Green leaves and vegetation play a critical role in climate change. We know that during photosynthesis, plants use carbon dioxide and give out oxygen, thereby reducing atmospheric carbon dioxide. It is said that a big tree uses 1.75 tonnes of carbon dioxide and releases 2.25 tonnes of oxygen per hour.
But how does one measure or assess the green wealth of a region? This can be indicated by comparing the surface area of all the leaves to the land area possessing it. Consider one arecanut farm. Imagine that all the green leaves are removed and arranged on the ground area of the farm touching each other without gaps or overlaps. The leaves may cover the land twice at the maximum.
Consider one healthy jackfruit tree. Imagine arranging the leaves under the crown area next to each other without gaps or overlaps. The leaves may cover the land in which it is grown 500 times or more.
There are many forest patches in the State; some have lost their green wealth while others haven’t. If one takes an estimate of the loss of greenery over a 100-year-period, one can understand the loss of green wealth.
The forest area in Agumbe includes rainforests or super wet evergreen forests with leaves that covered the land area under it 25,000 times, a hundred years back. The same is not true today. Rainforests are such sensitive ecosystems that it is difficult to say how and when the damage will be rectified. The reduction of leaves in the area outside the forest may be 90 per cent in the last hundred years. Also, the development of private holdings in the last hundred years might have reduced the leaf cover.
Hundred years back, the forest area near Shimoga, comprising 9,000 hectares, was a very good stretch of moist deciduous forests without any gaps or enclosures with leaves covering the land area of the tree 2,500 times. Today this forest region is full of expanding enclosures set up by the families displaced by Linganamakki submersion on one side and is under pressure from the developing Shimoga City on the other side. While forming reserve forests, considerable forest areas are left for the use of people and their cattle. All such areas are now reduced to blanks or have been encroached; the reduction of leaves may extend to 95 per cent.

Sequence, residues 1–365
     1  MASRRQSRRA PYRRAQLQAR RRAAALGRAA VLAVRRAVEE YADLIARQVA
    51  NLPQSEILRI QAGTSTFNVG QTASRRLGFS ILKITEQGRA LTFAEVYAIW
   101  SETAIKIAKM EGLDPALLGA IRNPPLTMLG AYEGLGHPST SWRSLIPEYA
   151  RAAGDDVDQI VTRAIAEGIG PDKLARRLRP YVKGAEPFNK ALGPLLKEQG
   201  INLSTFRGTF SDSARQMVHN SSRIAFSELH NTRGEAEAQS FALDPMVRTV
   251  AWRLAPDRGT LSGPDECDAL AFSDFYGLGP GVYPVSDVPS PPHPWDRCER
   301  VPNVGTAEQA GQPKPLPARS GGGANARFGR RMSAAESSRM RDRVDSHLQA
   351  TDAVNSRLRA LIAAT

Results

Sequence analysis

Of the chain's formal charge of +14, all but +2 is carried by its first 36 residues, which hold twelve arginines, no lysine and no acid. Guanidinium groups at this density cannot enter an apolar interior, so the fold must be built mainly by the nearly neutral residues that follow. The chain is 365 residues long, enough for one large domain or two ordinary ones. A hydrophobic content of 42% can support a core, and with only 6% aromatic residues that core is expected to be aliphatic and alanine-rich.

Teak plantations and pulp plantations also have reduced leaf cover considerably. When a moist deciduous forest is converted into a teak plantation, leaves dominate only in single strata with thick ground growth. The teak crown and ground growth may amount to 1,000 times leaf cover, a reduction of 60 per cent from 2,500 times.
Elsewhere in the State, in dry regions such as Holalkere of Chitradurga district, trees such as tamarindus indica (hunse) have in the past been felled for firewood. Here, the leaf cover has dropped by 75 per cent.
Most of the arecanut plantations of today were once evergreen or semi-evergreen forests. So, earlier leaf area of 10,000 times has been reduced to 10 times now — a whopping reduction. The same is the case with coconut plantations and coffee plantations. Almost all coffee plantations were once wet evergreen forests.
About 50 per cent of today’s agricultural land has been converted from forest areas in the last hundred years. It is difficult to assess the leaves of agricultural crops as they are short, rotational and seasonal.
These examples are indicative of drop in leaf cover, and not exact assessments. Yet, they give us a fair idea of the reduction in greenery over the years.
The solution lies in increasing leaf area at least four times in three decades. This needs to be attempted if we are keen on checking climate change. Intensive planting is crucial, especially in areas along river beds.